2023: A year in film

31st December 2023

I was very pleased that one of the biggest cultural events of 2023 was the world’s most unlikely cinematic showdown. Christopher Nolan’s dark biopic of J. Robert Oppenheimer, head of the Manhattan Project and creator of the atomic bomb – if the device could be said to have a single father – faced off against Greta Gerwig’s Barbie, based on the hugely successful toy franchise. Both released on the same day, it seemed as if everyone was gripped by Barbenheimer fever; for example my local independent cinema sold cocktails themed around the two films.

This largely internet banter-based event, which was heavily memed, showed that cinema can still lead our cultural conversation and helped make both films a huge success; both being critical hits and drawing some of the biggest audiences this year. There is still an appetite in the twenty-first century for everyone to be brought together by films, so long as the filmmakers can capture the audience’s imagination.

Sadly, this year’s comic book inspired superhero films didn’t capture audiences’ attention as much as these other two Hollywood blockbusters. James Gunn returned to helm a third Guardians of the Galaxy film, which was funny, spectacular and moving. It rounded out the series on a high by making the unusual choice to focus on Rocket Raccoon’s back story.

Another helping of Marvel’s source

Spider-Man: Across the Spider-Verse was as visually striking as the first and threw even more bizarre and unusual Spider-people at the audiences to make a gripping psychedelic roller coaster ride, which was hands down the best animated film of the year. The Marvels splashed Marvel’s signature source of humour and epic action to thoroughly entertain those who saw it. A special shout out must go to young talent Iman Vellani, who stole the show from established stars Brie Larson and Samuel L. Jackson.

Unfortunately, the latter didn’t deliver at the box office and was part of a wave of financially underperforming superhero films. Ant-Man and the Wasp: Quantumania forgot all the charm of previous Ant-Man films and was full of empty special effects and not much else. Even Paul Rudd’s charm couldn’t save this film.

DC had yet another poor year with slow box office and bad reviews for both The Flash and Aquaman and the Lost Kingdom. Their other films, Blue Beetle and Shazam: Fury of the Gods, flew so much under the radar that they might as well have been the sort of art house film that is only shown once at the ICA.

Mission: Impossible - Dead Reckoning Part One

Other franchises didn’t fare much better this year and anyone who thought that 2023 would be the year that the dominant form of blockbuster cinema would move away from superheroes was sorely disappointed. Fast X underwhelmed, despite a great turn from Jason Momoa as a new villain, Indiana Jones 5 didn’t wow audiences (although it was much better than Indy 4) and the Chris Pine vehicle Dungeons & Dragons: Honour Among Thieves came and went without heralding the dawn of something different.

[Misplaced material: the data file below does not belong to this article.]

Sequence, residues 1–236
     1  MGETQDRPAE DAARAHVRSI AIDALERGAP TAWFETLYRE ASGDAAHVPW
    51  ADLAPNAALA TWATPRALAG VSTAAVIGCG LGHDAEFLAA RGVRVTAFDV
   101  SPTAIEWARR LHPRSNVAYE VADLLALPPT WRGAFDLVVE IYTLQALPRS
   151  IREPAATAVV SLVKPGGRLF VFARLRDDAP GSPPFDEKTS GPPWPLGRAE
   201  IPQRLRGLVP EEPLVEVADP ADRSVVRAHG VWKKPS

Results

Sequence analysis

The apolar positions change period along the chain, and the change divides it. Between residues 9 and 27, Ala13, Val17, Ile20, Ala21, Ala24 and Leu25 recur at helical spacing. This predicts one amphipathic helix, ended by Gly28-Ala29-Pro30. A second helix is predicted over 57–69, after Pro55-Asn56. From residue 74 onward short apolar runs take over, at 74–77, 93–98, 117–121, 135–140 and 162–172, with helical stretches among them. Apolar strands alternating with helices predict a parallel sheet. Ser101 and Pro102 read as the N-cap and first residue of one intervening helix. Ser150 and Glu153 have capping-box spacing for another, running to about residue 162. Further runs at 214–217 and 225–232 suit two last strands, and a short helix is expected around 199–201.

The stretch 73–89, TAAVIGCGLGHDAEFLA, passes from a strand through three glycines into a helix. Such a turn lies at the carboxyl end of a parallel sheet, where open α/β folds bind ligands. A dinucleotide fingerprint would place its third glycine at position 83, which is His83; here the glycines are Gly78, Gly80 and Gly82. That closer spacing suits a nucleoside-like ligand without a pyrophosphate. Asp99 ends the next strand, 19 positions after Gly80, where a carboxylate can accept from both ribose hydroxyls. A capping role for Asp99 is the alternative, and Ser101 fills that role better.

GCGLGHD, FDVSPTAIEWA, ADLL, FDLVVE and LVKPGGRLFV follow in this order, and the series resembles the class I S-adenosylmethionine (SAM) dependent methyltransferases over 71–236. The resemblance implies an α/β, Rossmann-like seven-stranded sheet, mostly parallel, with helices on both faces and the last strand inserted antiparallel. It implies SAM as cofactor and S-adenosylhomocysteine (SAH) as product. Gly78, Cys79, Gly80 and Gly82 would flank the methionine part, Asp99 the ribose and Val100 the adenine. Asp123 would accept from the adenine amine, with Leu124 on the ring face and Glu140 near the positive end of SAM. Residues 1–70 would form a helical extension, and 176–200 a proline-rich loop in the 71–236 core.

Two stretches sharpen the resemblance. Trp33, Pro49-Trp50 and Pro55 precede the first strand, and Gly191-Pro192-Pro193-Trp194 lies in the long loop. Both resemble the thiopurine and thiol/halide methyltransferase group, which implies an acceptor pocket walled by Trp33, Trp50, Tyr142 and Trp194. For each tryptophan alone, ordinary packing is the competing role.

Even my beloved Mission: Impossible franchise underperformed at the box office with their epic new instalment Dead Reckoning Part 1. Despite a positive critical reception and the film excelling at the franchise’s USP of stunning practical stunts from Tom Cruise, a large cinema audience was unmoved. Aside from lacklustre box office numbers, the other trend of 2023 was the film split into two halves, with Mission, Spider-Man and Fast movies all ending on sudden cliffhangers.

Non-franchise science fiction also had a so-so year, following the success of the sublime After Yang and breathtaking Everything Everywhere All At Once last year. The Creator told a predictable robots are people too sci-fi story and was pedestrian at best; it didn’t push any boundaries in theme, writing or performance. Foe was at least tonally unusual, blurring the line between science fiction and a bleak family drama, however a lack of chemistry between leads Saoirse Ronan and Paul Mescal let the whole film down.

Strikes and streaming wars

2023 was also the year of the actors and writer’s strike, leading to many hotly anticipated films being postponed, including Dune: Part 2. Hollywood grinding to a halt over a payment dispute shows that the future of film is very much uncertain and that Hollywood isn’t immune from the economic and political pressures brought about from the lean times we are living through. The strikes seem to have been resolved, the future of the medium remains in flux; even though the menu of Hollywood blockbusters hasn’t changed much in style or substance compared to fifteen years ago.

One thing that couldn’t be said of cinema fifteen years ago is the significance of films distributed by streaming services, which pass briefly through the cinema as a sort of extended trailer ahead of their release on streaming services. Netflix had huge success with David Fincher’s psychopathic procedural The Killer, in which Michael Fassbender delivered a brilliantly cold performance. The Killers of Flower Moon brought together Martin Scorsese’s original muse of Robert De Niro and new muse of Leonardo DiCaprio for a powerful, long, slow burn about how money can destroy a community.